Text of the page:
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J Am Chem Soc. 2012 Mar 7;134(9):4142-52. doi: 10.1021/ja209003y. Epub 2012 Feb 22.

Ultrafast intramolecular exciton splitting dynamics in isolated low-band-gap polymers and their implications in photovoltaic materials design.

Author information

1
Department of Chemistry, Northwestern University, 2145 Sheridan Road, Evanston, Illinois 60208, USA.

Abstract

Record-setting organic photovoltaic cells with PTB polymers have recently achieved ~8% power conversion efficiencies (PCE). A subset of these polymers, the PTBF series, has a common conjugated backbone with alternating thieno[3,4-b]thiophene and benzodithiophene moieties but differs by the number and position of pendant fluorine atoms attached to the backbone. These electron-withdrawing pendant fluorine atoms fine tune the energetics of the polymers and result in device PCE variations of 2-8%. Using near-IR, ultrafast optical transient absorption (TA) spectroscopy combined with steady-state electrochemical methods we were able to obtain TA signatures not only for the exciton and charge-separated states but also for an intramolecular ("pseudo") charge-transfer state in isolated PTBF polymers in solution, in the absence of the acceptor phenyl-C(61)-butyric acid methyl ester (PCBM) molecules. This led to the discovery of branched pathways for intramolecular, ultrafast exciton splitting to populate (a) the charge-separated states or (b) the intramolecular charge-transfer states on the subpicosecond time scale. Depending on the number and position of the fluorine pendant atoms, the charge-separation/transfer kinetics and their branching ratios vary according to the trend for the electron density distribution in favor of the local charge-separation direction. More importantly, a linear correlation is found between the branching ratio of intramolecular charge transfer and the charge separation of hole-electron pairs in isolated polymers versus the device fill factor and PCE. The origin of this correlation and its implications in materials design and device performance are discussed.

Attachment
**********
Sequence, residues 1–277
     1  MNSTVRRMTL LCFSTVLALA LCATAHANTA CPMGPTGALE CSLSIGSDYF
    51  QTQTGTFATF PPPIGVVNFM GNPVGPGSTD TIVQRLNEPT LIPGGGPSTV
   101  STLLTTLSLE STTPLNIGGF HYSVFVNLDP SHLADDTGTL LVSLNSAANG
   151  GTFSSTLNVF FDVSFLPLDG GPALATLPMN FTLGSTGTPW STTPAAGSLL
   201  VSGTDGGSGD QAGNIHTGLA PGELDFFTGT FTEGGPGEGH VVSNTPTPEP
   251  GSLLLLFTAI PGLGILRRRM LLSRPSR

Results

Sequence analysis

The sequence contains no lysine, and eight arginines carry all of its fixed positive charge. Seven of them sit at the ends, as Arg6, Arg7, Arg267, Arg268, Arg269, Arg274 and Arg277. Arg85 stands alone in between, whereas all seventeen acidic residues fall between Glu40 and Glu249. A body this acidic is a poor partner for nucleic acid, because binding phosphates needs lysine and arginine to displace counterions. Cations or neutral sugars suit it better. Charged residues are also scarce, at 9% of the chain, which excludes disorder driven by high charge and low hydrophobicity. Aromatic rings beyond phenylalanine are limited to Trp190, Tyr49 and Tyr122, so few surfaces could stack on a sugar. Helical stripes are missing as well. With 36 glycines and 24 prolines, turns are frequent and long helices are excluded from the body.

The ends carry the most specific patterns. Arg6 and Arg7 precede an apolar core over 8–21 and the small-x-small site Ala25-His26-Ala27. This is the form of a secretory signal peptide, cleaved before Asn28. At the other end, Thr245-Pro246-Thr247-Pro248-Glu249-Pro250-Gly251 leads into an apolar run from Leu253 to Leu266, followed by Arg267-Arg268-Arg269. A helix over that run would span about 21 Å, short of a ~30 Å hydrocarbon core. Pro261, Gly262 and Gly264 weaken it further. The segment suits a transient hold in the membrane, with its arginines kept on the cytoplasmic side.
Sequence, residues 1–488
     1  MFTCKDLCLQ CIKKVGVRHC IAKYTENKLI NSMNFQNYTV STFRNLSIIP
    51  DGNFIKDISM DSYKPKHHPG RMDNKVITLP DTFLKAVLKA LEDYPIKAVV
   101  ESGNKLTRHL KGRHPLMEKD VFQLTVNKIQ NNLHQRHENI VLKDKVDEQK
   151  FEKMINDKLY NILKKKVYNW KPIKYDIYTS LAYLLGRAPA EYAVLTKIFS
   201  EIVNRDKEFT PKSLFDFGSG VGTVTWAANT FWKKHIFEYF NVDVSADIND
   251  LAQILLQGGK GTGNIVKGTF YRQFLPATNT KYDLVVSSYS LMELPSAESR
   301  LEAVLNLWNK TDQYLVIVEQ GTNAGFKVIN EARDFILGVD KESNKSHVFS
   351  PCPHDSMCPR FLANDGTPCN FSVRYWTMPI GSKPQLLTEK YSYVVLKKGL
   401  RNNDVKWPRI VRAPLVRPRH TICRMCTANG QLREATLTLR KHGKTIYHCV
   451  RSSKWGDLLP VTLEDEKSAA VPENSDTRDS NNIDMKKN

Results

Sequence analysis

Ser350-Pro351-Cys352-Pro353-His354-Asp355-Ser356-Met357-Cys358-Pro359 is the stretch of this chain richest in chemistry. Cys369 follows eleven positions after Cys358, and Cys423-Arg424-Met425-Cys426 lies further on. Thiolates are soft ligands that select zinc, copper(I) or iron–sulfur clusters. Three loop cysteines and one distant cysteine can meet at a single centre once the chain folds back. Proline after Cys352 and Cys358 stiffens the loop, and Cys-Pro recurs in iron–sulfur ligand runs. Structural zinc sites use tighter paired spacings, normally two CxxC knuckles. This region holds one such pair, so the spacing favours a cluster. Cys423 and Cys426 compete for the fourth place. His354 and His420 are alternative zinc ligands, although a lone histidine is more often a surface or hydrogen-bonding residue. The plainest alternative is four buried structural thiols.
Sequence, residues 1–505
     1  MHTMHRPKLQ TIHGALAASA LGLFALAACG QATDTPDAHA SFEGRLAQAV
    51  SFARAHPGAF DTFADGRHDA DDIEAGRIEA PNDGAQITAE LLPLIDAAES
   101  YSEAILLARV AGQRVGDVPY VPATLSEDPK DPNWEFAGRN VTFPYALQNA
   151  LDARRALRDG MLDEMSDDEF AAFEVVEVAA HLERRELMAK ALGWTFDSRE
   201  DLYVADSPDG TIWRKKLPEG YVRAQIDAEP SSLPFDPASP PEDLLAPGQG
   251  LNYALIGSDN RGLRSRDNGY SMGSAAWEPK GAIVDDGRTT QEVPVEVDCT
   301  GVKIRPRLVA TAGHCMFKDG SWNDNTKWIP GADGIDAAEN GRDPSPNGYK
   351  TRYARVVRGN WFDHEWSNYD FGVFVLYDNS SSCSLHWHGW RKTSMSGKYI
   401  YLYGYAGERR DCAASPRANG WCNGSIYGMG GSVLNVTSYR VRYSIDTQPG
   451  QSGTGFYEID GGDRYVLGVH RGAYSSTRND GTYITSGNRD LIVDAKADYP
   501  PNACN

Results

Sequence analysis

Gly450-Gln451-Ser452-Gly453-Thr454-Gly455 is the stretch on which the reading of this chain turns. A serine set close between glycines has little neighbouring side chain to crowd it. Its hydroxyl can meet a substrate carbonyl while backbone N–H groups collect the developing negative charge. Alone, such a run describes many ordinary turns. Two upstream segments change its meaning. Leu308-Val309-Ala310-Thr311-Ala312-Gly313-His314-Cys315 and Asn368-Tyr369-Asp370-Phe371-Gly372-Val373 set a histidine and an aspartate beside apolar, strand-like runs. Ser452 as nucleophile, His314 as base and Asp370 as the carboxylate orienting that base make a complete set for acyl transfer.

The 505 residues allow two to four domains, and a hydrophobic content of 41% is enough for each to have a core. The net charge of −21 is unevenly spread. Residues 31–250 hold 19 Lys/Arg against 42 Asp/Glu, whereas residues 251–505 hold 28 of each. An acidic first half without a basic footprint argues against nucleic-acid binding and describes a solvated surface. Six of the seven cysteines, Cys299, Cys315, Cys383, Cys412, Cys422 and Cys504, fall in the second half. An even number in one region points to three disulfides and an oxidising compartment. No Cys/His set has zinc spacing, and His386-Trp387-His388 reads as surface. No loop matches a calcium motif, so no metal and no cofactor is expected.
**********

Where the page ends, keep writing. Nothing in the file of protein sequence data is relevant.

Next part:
PMID:
22309185
DOI:
10.1021/ja209003y

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